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Trig integrals and finding volume.

  1. Mar 13, 2013 #1
    1. The problem statement, all variables and given/known data

    Find the volume obtained by rotating the following curves bounded by:

    y=sinx y=0 pi/2≤ x ≤ pi

    2. Relevant equations

    I know I have to use the cylindrial disk method so ∫2pi(x)f(x)dx.

    3. The attempt at a solution

    I did the following ∫(pi/2 to pi) 2pi (x) sinxdx
    I factor out the 2pi and im left with ∫(x)(sinx)(dx) always from pi/2 to pi
    I then used integration by part with u=x du=dx and dv=sinx v=-cosx

    therefore uv -∫vdu --> -(xcos(x)) (from pi/2 to pi) - ∫-cos(x)dx from pi/2 to pi

    However my answer key shows a completely different work / answer.. I don't know how to approach the question differently
     
  2. jcsd
  3. Mar 13, 2013 #2
    Which axis are you rotating about?
    Also if this is about the x-axis, all you have to do is use:
    [tex]\int_a^b \pi f(x)^{2}dx[/tex]
     
    Last edited: Mar 13, 2013
  4. Mar 13, 2013 #3
    Wait but I thought a cylindrical would be 2pi(x) f(x) dx . X for the radius and f(x) for the height. And yes it was about the x-axis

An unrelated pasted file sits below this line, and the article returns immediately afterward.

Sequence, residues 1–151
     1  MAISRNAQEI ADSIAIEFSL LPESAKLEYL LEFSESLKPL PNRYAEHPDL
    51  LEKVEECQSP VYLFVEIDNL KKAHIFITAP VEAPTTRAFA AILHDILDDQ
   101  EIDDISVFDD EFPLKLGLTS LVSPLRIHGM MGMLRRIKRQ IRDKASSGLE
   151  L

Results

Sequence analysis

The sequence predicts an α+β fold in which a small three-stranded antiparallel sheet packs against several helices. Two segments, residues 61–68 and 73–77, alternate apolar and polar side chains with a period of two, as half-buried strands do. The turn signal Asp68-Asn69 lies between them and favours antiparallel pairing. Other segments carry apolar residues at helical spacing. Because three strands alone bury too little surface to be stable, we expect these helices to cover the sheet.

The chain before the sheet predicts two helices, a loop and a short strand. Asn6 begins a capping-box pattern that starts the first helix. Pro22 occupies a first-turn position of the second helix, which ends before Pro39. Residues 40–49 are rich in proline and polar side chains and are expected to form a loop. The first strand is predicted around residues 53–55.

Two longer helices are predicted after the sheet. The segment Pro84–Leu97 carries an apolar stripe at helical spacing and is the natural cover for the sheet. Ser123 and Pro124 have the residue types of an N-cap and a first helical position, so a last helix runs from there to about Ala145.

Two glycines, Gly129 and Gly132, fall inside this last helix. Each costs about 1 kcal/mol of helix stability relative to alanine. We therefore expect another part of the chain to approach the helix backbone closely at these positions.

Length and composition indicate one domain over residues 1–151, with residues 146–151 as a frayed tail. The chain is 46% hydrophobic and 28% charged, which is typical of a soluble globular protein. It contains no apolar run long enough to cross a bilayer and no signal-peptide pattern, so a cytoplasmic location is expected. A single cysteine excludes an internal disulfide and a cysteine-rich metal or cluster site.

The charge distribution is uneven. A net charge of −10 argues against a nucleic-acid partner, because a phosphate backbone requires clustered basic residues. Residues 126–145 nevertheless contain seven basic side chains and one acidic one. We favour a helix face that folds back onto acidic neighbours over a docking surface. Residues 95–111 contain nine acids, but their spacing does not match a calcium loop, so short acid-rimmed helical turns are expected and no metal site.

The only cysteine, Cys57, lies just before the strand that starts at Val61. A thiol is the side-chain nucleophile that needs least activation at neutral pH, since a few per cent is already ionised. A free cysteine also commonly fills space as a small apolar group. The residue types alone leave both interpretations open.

5. Mar 13, 2013 #4

    SteamKing

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    What's the area of a disk?
     
  6. Mar 13, 2013 #5
    It would be pi (x)^2. And this was a stupid question. I meant cylindrical shell... So my teacher used the disk method. How would I be able to decide between cylindrical shell, the disk and washer method :/ ( I mean washer there would have to be a "hole" of some sort no?)
     
  7. Mar 13, 2013 #6
    Nope you can use the shell or disk method anytime, sometimes (like exams) there is only one way to do it because the other way will make the integral really nasty.
     
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